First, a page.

LOSS: Made Famous From‘Blues Brothers’ Film Scene, Ray’s Music Exchange Building and Mural Demolished After Arson

-

Ray’s Music Exchange Shake A Tail Feather scene from The Blues Brothers featuring the building at 300 E. Prairie Street in Chicago’s Bronzeville neighborhood. Image Credit: The Blues Brothers

“The Ray’s Music Exchange mural in Bronzeville that celebrated Black musicians and drew “Blues Brothers” fans from around the world for the past 40 years is no more, demolished with the building it was painted on after vandals set fires last month. There never was an actual store called Ray’s Music Exchange. The mural on the Prairie Avenue side of the building at 300 E. 47th St. was painted during the production of “The Blues Brothers” in 1979 and remained until last week, when May 31 fire damage to the building forced the city to demolish the empty store and two others attached to it. The building with the mural was actually home to pawnshop Shelly’s Loan & Jewelry from 1946 until about 18 months ago.”

“In a famous scene, the Blues Brothers visit Ray’s Music Exchange and talk to Ray Charles about an electric piano, prompting him to come out from behind the counter to play “Shake A Tail Feather” while people dance on the street in front of the mural. The dancers were all people from the neighborhood, the Shelly’s employees said. Ever since the movie was released, people from around the world would visit, some even “shaking their tailfeather” on 47th Street in front of the store, employees said.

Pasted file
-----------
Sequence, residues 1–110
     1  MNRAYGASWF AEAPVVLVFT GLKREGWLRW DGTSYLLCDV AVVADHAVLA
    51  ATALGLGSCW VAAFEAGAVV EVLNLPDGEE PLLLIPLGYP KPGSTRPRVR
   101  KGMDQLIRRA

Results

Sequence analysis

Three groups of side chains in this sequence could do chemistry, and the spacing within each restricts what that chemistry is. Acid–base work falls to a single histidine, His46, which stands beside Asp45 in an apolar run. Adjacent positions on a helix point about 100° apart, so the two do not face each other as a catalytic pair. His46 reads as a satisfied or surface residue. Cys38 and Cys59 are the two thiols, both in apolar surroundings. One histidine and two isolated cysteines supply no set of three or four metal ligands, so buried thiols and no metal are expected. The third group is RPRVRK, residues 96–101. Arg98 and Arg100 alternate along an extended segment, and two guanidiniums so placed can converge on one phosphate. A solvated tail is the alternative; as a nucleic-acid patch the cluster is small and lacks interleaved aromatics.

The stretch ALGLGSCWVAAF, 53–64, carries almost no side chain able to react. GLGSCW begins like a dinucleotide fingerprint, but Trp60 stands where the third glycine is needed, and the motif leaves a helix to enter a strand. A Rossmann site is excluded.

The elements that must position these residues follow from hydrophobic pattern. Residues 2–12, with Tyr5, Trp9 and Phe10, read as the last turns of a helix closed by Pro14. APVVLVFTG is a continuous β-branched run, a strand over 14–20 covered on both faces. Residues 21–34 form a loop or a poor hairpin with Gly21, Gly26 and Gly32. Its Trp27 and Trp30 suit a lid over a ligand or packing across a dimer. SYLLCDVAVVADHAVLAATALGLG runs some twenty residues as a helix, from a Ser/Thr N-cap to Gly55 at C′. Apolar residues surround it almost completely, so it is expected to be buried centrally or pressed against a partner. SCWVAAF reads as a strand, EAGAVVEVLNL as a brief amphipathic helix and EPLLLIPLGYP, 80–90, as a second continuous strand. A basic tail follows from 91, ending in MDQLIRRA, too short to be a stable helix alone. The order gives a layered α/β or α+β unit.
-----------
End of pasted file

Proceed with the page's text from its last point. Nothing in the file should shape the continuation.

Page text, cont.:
“The mural was refurbished in 2000 but had faded by the demolition. It was the focus of a proposal by community groups looking to revamp it and use it as the anchor to include it in the 2020 Year of Chicago Music that was started earlier this year by the Department of Cultural Affairs and Special Events.

“Bernard Loyd, founder and president of Urban Juncture, a Bronzeville business incubator, said the demolition signals more than just the loss of a building. ‘It’s a huge loss in respect to what the mural represented. Unfortunately, it is also a marker of how we are not invested in this culture that is so rich and has such a big place in this community,’ Loyd said, noting 50 years ago there were at least a dozen blues clubs along nearby 43rd Street.’We were working with Chicago Blues Revival and other partners to restore that mural and really celebrate blues across Bronzeville.’

“City historian Tim Samuelson said with the 40th anniversary of the movie this year, there were talks with star Dan Aykroyd and Jim Belushi, brother of deceased star John Belushi, to come to Chicago to celebrate the movie and visit the mural site. That led to the realization no one is sure who the original artist is.

“‘They were going to come in, they were going to do different things around Chicago and were interested in visiting some of the movie sites,” Samuelson said. ‘They contacted me about it and the big question that came up was, ‘Who actually created the mural?’ It was a product of the movie studio’s art department, but there had to be an artist behind it. We came up with some possibilities, but most were dead and one who might have been involved was in poor health and couldn’t communicate. There could have been multiple players involved.’ (Chiarito, 6/16/20)

Read the full story and see all the photos at Block Club Chicago.

Iconic Ray’s Music Exchange Mural From ‘Blues Brothers’ Dance Scene Lost After Building Burns During Unrest; In the famous scene, the Blues Brothers visit Ray Charles, who plays “Shake A Tail Feather” while people dance in front of the mural, Bob Chiarito, Block Club Chicago, 6/16/20

LEAVE A REPLY

Please enter your comment!
Please enter your name here